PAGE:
Addressing the Democratic National Convention on Tuesday, former Secretary of State John Kerry offered a rather rose-tinted history of the Obama administration’s foreign policy.
His speech had a simple theme: Where all the world was bright under President Barack Obama and Vice President Joe Biden, all is now brutal and dark under President Trump. But this wasn’t an address fit for reality. Take Kerry’s rather astonishing claim that the Obama administration had “eliminated” the threat of a nuclear-armed Iran.
This will be news to Israel and the Sunni Arab monarchies of the Middle East. After all, the 2015 Iran nuclear accord did nothing to end Iran’s research of ballistic missiles, the key delivery platform for nuclear weapons. Nor did the deal have an open-ended timetable necessary to temper Ayatollah Ali Khamenei’s nihilistic ambitions for the long term. Instead, it offered security only for 15 years into the future. And we now know that the Iranians used the time and investment rewards of Obama’s nuclear accord to advance their nuclear weaponization program. As the Biden campaign moves to return the United States to the nuclear accord, we should contemplate for a moment what that return would mean. Because it would mean salvation for Khamenei’s imploding economy and budget-stretched Islamic Revolutionary Guard Corps. Iran would once again find sanctions relief and billions of dollars to reinvest in its malevolent theological agenda. And its nemesis, Saudi Arabia, as was recently reported by the Wall Street Journal, would find new impetus to develop its own nuclear weapons program. Not exactly a recipe for stability and peace.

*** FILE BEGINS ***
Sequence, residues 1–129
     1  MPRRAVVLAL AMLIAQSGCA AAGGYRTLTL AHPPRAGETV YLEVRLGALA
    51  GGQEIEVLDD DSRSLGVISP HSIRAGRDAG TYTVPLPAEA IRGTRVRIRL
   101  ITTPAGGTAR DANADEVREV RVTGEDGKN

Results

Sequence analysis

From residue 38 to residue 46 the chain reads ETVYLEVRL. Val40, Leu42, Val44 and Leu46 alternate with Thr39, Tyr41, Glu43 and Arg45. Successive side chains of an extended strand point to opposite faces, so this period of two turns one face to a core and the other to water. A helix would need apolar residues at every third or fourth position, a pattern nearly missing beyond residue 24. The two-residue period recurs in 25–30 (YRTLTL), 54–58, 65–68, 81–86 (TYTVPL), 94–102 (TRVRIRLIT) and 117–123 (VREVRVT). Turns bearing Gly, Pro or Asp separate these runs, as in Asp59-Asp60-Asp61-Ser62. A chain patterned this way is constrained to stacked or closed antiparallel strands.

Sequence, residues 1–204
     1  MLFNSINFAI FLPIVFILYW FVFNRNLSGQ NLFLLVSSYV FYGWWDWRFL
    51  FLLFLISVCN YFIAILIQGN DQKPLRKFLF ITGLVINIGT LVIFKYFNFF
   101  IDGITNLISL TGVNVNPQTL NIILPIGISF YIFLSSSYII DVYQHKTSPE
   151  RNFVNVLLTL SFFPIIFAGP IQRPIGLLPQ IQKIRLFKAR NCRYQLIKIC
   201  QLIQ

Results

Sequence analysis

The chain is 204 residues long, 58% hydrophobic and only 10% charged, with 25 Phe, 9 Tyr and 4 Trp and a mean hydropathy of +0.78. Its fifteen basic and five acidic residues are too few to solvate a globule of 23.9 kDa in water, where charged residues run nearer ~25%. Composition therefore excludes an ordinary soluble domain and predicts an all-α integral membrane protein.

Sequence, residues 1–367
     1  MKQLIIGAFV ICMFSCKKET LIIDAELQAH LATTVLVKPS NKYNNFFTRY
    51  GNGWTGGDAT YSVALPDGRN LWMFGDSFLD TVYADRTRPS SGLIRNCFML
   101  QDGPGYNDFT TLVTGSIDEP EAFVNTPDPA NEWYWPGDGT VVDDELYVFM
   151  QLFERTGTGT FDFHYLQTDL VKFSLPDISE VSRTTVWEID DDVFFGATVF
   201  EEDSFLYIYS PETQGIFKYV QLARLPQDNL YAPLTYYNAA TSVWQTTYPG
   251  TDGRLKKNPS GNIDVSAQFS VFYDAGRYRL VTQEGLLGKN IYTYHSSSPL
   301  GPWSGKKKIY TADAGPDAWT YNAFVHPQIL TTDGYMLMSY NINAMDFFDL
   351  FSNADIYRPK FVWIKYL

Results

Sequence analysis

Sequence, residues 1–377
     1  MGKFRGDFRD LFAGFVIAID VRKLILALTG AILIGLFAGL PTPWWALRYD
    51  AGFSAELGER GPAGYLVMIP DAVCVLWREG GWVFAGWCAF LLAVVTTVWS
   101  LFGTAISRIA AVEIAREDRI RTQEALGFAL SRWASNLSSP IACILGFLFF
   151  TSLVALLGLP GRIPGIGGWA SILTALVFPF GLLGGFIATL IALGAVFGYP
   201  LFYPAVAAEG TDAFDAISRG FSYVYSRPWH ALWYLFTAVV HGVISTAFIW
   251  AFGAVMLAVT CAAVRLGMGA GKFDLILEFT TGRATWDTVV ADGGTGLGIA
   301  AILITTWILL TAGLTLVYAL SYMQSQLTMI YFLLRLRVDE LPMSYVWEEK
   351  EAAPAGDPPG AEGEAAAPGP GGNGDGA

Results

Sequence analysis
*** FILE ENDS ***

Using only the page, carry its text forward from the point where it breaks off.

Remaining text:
Of course, Kerry couldn’t resist but regurgitate the predictable rhetoric that Trump writes “love letters” to dictators while betraying American friends. This silliness misses the nuance in foreign policy. While it’s true that Trump has some rather odd instincts toward certain foreign leaders, it’s also true that America’s allies should be judged on what they do for our alliance rather than what they say. The striking dichotomy between the vacuous rhetoric of German Chancellor Angela Merkel and the fastidious friendship of Australian Prime Minister Scott Morrison stands out as an example here. As does the contrast between what various NATO allies contribute to our common defense.
Nor, as he attacked Trump for his Putin affections, did Kerry show any humility over the Obama administration’s record of appeasement toward China and Russia. This bears noting, in that while it’s true American allies sometimes view Trump as a president to be “laughed at,” China and Russia most certainly laughed at the relentless appeasement they earned from team Obama-Biden. On that point, it was always likely that China would prefer a Biden victory over a Trump reelection, and the National Counterintelligence Center confirmed as much earlier this month.
Foreign policy and national security are exigent issues that demand far more attention than they currently receive. Still, the former secretary of state did no service for reality with his trip through the historical looking glass on Tuesday.